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Port Trucking Companies Take Bold Stance: Above California Law

by Jana Ritter - Published: 12/18/2013

Several leading port trucking companies have taken a bold new position in the ongoing battle over whether or not they are misclassifying drivers as independent contractors. In recent filings with the U.S. District Court, they have attempted to position themselves as beyond the reach of California’s employee protection laws. In effect, they are saying that whether or not they are misclassifying drivers there is nothing the State of California can do about it.

Port strike

Of the approximately 12,000 port truck drivers in Southern California – about 110,000 nationwide – the overwhelming majority are improperly classified as “independent contractors.” The repercussions, for these low-income, mostly immigrant drivers are denied basic workplace rights and protections: no minimum wage or overtime or OSHA protections, no disability or workers comp or unemployment insurance, no legal right to organize a union. Instead, drivers are saddled with payments for the trucks they drive, leaving them to sometimes make pennies per hour for a 60+ hour work week.

Recently, various levels of government have taken notice and begun to address a scheme that deprives the public of millions in unpaid taxes. In recent years, both the federal and state governments have filed lawsuits against California port trucking companies over their misclassification of drivers, and the state Labor Commissioner has begun to hear some of the hundreds of driver claims seeking redress. Unsurprisingly, once the facts come to light drivers: Of the 19 identified Labor Commissioner rulings in the past year or so, all 19 have found drivers to be illegally misclassified, and owed an average of about $66,000 each. (The Labor Commissioner uses a stringent, multi-factor test.)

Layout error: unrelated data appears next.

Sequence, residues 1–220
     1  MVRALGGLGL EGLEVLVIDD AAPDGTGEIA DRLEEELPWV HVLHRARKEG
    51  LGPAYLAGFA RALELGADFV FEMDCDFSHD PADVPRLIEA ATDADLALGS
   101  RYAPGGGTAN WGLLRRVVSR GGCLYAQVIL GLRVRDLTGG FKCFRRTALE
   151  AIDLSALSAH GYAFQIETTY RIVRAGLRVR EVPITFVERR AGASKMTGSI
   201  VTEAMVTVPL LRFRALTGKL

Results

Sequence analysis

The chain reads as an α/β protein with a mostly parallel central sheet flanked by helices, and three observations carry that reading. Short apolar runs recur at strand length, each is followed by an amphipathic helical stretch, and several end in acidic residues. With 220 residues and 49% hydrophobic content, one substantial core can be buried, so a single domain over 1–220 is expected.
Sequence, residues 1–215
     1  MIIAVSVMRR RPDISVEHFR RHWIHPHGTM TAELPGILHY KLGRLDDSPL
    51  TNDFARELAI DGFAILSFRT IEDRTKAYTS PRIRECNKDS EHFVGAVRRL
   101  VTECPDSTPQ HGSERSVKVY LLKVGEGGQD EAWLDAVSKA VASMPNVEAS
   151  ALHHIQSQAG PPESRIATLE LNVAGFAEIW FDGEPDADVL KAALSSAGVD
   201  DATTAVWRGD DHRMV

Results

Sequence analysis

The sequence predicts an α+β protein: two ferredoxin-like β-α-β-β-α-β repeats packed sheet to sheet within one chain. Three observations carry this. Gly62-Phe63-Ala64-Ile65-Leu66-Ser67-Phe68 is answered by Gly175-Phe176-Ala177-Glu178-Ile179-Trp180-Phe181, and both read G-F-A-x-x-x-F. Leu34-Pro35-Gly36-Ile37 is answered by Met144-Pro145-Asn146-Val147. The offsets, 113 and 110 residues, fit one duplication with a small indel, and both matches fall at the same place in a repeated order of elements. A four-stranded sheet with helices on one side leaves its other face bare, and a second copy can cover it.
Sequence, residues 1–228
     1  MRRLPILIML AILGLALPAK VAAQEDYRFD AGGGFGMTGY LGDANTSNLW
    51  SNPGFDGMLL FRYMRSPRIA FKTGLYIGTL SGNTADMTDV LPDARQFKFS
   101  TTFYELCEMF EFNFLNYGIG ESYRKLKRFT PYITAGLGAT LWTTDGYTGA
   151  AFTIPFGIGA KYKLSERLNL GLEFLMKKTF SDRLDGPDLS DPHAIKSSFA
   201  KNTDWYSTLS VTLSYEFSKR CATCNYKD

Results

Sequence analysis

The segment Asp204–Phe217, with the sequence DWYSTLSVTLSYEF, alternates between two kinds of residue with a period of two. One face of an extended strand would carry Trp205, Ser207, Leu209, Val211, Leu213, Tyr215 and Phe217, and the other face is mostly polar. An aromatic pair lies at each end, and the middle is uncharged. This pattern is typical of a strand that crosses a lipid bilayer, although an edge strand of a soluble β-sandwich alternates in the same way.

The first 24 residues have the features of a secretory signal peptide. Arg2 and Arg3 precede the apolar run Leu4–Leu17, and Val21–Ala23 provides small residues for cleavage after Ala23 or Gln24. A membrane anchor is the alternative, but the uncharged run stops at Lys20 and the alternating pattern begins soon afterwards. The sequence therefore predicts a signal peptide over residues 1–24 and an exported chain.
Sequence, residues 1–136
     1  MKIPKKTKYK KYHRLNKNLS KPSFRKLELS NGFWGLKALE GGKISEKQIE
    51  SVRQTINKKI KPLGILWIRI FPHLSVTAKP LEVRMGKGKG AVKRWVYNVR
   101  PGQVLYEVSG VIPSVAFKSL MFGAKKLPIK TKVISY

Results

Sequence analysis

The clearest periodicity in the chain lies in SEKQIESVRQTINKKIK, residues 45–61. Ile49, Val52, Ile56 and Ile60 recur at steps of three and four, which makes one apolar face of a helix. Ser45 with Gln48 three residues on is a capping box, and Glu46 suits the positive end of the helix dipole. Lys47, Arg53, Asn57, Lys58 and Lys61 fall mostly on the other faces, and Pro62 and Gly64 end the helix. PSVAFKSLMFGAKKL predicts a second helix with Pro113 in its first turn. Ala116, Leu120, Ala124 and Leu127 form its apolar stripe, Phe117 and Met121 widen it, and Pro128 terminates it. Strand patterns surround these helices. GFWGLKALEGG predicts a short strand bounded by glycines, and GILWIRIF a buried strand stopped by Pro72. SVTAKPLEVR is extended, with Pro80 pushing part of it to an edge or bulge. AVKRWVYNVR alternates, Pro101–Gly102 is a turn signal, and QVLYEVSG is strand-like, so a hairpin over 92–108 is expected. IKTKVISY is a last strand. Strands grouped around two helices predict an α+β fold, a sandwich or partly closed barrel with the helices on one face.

From the industry’s perspective, this is an existential battle. Just at the Ports of L.A. and Long Beach, trucking companies may be looking at well over $1 billion in liability for past wage theft. And in addition to the financial hit, if trucking companies were to recognize drivers as the employees they actually are then it would mean granting drivers some degree of rights on the job, and possibly a voice in their working conditions.

In the fall of 2012, several industry leaders went on the offense, filing a novel lawsuit asking the court for “a Temporary Restraining Order prohibiting the Labor Commissioner… from investigating, processing, or proceeding to hearing on any claim” brought by drivers against these companies. These companies were asking a federal court to order the California Labor Commissioner to stop doing her job. Earlier this year, the complaint was dismissed.

But these companies came back in August with a different complaint, and the same request. This time, they spelled out their argument more fully. Because drivers are involved in interstate commerce, the companies argue, this “exempts Plaintiff [trucking companies] from complying with California’s wage and hour and employee-related laws.”

These trucking companies seem to realize that they have been caught engaging in a massive fraud. Most responsible companies would either change their practices or argue that the Labor Commissioner is wrong. These companies instead chose to take a third path: arguing the laws don’t even apply to them.